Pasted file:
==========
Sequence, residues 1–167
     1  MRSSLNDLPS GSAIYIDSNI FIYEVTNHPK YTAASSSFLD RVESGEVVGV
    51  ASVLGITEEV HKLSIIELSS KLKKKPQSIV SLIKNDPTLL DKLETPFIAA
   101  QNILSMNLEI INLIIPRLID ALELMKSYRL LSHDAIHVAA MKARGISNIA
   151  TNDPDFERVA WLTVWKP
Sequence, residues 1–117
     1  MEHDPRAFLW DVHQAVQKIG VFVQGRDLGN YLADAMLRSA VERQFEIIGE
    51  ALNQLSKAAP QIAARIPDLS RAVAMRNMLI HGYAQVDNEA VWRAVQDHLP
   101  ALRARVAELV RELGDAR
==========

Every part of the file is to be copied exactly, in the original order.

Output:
Sequence, residues 1–167
     1  MRSSLNDLPS GSAIYIDSNI FIYEVTNHPK YTAASSSFLD RVESGEVVGV
    51  ASVLGITEEV HKLSIIELSS KLKKKPQSIV SLIKNDPTLL DKLETPFIAA
   101  QNILSMNLEI INLIIPRLID ALELMKSYRL LSHDAIHVAA MKARGISNIA
   151  TNDPDFERVA WLTVWKP
Sequence, residues 1–117
     1  MEHDPRAFLW DVHQAVQKIG VFVQGRDLGN YLADAMLRSA VERQFEIIGE
    51  ALNQLSKAAP QIAARIPDLS RAVAMRNMLI HGYAQVDNEA VWRAVQDHLP
   101  ALRARVAELV RELGDAR